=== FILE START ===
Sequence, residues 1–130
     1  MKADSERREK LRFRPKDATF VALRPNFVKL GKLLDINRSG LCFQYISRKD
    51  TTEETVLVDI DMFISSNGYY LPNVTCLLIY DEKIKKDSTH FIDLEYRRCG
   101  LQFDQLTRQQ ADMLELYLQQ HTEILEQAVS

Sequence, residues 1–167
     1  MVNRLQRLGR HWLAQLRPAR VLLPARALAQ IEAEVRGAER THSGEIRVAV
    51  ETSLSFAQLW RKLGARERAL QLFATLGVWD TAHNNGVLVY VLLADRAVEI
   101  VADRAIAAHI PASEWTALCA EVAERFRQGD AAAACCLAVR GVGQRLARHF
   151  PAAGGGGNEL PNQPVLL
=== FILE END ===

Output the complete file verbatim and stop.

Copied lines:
Sequence, residues 1–130
     1  MKADSERREK LRFRPKDATF VALRPNFVKL GKLLDINRSG LCFQYISRKD
    51  TTEETVLVDI DMFISSNGYY LPNVTCLLIY DEKIKKDSTH FIDLEYRRCG
   101  LQFDQLTRQQ ADMLELYLQQ HTEILEQAVS

Sequence, residues 1–167
     1  MVNRLQRLGR HWLAQLRPAR VLLPARALAQ IEAEVRGAER THSGEIRVAV
    51  ETSLSFAQLW RKLGARERAL QLFATLGVWD TAHNNGVLVY VLLADRAVEI
   101  VADRAIAAHI PASEWTALCA EVAERFRQGD AAAACCLAVR GVGQRLARHF
   151  PAAGGGGNEL PNQPVLL